This afternoon the Jays sent high-end prospect Nestor Molina to the White Sox for closer Sergio Santos– a steep price for a 60-inning guy if Molina can hack it as a starter with anything close to resembling the success he had in minors this year, but one that you get the feeling might just work out quite nicely for the Jays.
That’s because there was, last month, from both John Farrell and Sal Fasano, talk of converting Molina into a closer– potentially one who could pitch in the Majors as soon as 2012. If that’s all they viewed Molina as– and some think he may not have the delivery or the stuff to be more– then giving up six years of control for six years of control of a established reliever with fantastic stuff may be worth it. And if they place a premium on contributions made in the next couple of seasons, rather than down the road, where Molina would– ideally– have been one of many stellar arms in the organization, the deal makes even more sense.
That’s my take, at least. The reactions elsewhere are quite varied.
Big Molina-backer Kevin Gray tweets: “Memo to Jays: Do you want to save money or win games? Don’t tell me the Molina trade is good because of Sergio’s contract.”
I guess he means he thinks the Jays should have saved the prospect and just spent money on a closer. I’d agree if I didn’t think that the going rate for closers wasn’t thoroughly fucking ridiculous– or if I didn’t have confidence that the Jays still have a bunch of great arms in the system, and an inkling that the club wasn’t as high on Molina as some of the evaluators whose reports assholes have been fluffing fans’ expectations with for the last few weeks (guilty as charged!).
Some comments from Alex Anthopoulos have started filtering out, and Shi Davidi tweets that the GM told reporters that he wouldn’t have traded a highly regarded prospect like Molina for someone who didn’t have similar years of control.
Jon Morosi of Fox Sports also tweets that the Jays have saved money here by keeping themselves out of the free agent market for closers. “Could they spend big elsewhere?”
Perhaps. However, Mike Wilner adds via Twitter that Anthopoulos mentioned “payroll parameters several times.” There’s no unlimited budget here, he says.
Richard Griffin of the Toronto Star likes the deal for Santos, “as long as he is not the promised one as the 2012 closer.”
No, really. Griffin wrote that– though I’m not sure why. Sure, Santos had a rough September, driven by a .450 BABIP, but his strikeout and walk rates were about the same as other months, and his xFIP was 2.11. He’ll be fine, and Anthopoulos says he’s the closer– capital C.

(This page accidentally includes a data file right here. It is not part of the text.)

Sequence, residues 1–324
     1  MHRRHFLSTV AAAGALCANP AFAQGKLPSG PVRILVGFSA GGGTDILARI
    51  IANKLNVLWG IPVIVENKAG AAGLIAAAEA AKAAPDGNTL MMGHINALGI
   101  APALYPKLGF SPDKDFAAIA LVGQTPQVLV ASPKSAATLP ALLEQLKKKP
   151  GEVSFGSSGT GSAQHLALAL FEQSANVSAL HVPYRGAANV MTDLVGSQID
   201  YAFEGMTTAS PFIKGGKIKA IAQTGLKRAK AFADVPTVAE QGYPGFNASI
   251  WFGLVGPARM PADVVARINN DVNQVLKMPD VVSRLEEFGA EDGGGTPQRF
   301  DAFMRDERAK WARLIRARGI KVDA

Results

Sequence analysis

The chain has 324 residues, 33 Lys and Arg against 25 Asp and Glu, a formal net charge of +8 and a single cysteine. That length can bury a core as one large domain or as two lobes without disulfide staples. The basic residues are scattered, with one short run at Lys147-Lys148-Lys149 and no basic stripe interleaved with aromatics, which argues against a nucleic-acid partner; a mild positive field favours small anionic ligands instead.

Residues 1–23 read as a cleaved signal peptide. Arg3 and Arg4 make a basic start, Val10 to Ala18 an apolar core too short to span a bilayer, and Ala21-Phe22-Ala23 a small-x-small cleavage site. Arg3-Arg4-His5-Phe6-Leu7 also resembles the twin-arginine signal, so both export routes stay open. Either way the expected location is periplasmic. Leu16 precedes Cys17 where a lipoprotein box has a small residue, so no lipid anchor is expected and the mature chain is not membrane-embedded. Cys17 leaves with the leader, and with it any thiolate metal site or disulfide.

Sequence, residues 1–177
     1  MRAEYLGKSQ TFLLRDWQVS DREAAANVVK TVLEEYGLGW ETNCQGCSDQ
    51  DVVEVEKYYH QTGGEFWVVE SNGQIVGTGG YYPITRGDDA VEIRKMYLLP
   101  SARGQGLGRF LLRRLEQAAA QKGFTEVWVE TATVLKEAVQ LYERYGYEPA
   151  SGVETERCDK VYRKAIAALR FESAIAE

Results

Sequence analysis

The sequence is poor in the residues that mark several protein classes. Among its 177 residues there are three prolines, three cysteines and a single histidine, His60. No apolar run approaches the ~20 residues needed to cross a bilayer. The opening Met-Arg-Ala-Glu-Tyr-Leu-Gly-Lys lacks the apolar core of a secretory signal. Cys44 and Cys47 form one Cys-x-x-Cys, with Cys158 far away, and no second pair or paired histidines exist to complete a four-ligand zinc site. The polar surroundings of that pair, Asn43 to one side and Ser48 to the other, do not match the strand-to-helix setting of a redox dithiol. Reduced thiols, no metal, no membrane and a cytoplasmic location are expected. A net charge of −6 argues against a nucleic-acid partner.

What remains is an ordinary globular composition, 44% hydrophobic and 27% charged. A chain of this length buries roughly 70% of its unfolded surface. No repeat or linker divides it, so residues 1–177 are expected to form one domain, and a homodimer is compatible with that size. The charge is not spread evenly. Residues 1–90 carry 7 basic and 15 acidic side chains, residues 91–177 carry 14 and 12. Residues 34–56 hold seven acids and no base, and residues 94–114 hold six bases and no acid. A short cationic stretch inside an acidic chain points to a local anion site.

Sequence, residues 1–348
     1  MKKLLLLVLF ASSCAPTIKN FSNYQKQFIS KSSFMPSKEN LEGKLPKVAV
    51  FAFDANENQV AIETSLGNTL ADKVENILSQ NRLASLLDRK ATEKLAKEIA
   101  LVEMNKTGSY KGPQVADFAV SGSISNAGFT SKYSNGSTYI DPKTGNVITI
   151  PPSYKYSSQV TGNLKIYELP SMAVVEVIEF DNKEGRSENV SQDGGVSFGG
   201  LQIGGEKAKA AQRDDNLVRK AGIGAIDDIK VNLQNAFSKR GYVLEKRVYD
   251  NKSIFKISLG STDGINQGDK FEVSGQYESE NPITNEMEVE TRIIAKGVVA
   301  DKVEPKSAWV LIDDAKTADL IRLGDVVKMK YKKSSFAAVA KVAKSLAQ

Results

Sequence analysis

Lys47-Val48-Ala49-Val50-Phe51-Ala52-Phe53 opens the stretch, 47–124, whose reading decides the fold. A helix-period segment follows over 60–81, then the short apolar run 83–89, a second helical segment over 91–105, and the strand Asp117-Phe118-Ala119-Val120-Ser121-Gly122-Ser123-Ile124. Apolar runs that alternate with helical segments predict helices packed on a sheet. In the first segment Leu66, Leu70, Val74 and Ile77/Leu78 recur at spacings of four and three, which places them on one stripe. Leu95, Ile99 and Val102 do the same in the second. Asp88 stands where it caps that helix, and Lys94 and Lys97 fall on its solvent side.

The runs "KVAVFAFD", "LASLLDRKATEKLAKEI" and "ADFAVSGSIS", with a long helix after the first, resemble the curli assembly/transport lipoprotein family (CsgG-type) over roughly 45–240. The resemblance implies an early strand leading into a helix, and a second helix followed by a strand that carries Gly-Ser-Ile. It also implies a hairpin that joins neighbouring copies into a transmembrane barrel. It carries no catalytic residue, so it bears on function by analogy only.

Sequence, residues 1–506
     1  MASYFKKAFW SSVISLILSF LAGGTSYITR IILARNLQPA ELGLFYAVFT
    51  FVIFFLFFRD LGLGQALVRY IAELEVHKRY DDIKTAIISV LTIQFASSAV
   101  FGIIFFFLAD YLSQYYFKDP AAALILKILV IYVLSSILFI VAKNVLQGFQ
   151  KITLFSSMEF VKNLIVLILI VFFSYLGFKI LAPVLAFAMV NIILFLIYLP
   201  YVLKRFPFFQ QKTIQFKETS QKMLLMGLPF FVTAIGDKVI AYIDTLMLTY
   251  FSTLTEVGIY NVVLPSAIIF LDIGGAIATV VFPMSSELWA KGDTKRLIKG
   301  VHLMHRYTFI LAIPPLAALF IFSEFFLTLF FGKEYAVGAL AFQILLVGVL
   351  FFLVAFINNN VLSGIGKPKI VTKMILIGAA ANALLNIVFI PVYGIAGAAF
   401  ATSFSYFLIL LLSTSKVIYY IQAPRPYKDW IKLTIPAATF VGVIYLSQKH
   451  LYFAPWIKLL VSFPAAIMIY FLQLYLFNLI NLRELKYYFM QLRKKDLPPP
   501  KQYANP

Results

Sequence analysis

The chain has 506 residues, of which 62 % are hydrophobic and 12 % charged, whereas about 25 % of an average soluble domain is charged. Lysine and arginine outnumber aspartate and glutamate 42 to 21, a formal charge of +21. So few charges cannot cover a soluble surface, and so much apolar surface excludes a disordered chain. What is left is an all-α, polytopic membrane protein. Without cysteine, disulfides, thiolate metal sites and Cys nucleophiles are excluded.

He didn’t give up an earned run on the road until September, tweets the Blue Jay Hunter.
Gregor Chisholm tweets that Anthopoulos says there were some “heated debates” about this one, and that it took a while for everyone to wrap their head around it, but that it ultimately made sense.
Frank Francisco, the twittering reporters add, won’t be back.
Keith Law breaks down the trade at ESPN.com (Insider only), calling Molina “maybe their sixth-best pitching prospect” and concluding that for the White Sox “the return seems a little light for a major league reliever signed to a very affordable three-year deal,” even if Molina may now be the best of their bad bunch.
“It is the start of rebuilding,” White Sox GM Ken Williams says, according to ESPN Chicago.
“I would hope that we give him a little bit more seasoning, but he’s got the kind of ability,” Williams added, according to the Chicago Tribune. “We got certain guys with abilities that will force their way onto major league rosters and when you look at a young pitcher, you look at what kind of stuff he has, what kind of composure he has and his ability to command the strike zone and this guy does it in a way that very few do, so I’m not going to say he can’t or won’t.”
Eno Sarris at FanGraphs says that it’s the uncertainty about Molina that makes this trade even. “Molina may be a starter, or he may be a reliever. Scouts are divided on his stuff — is he a pitchability guy that has great control and decent stuff, or is he something more — and it’s even possible that a little recoil in his delivery might send him to the bullpen, in which case the value on this trade shifts towards Toronto.”
Sarris added some interesting musings about rebuilding, and the fact that the Sox have probably traded their best piece first– a smart move that now allows them to start sifting through the lowball offers that will inevitably follow. Perhaps the Jays and Sox aren’t done– Anthopoulos exchanged a lot of names with Ken Williams, and traded with him this summer. There’s familiarity there.
Kenny Ken Ken Rosenthal tweets that one GM told him that his scouts project Molina as a reliever. “If so, not good.”
I’ll keep my eye out for more…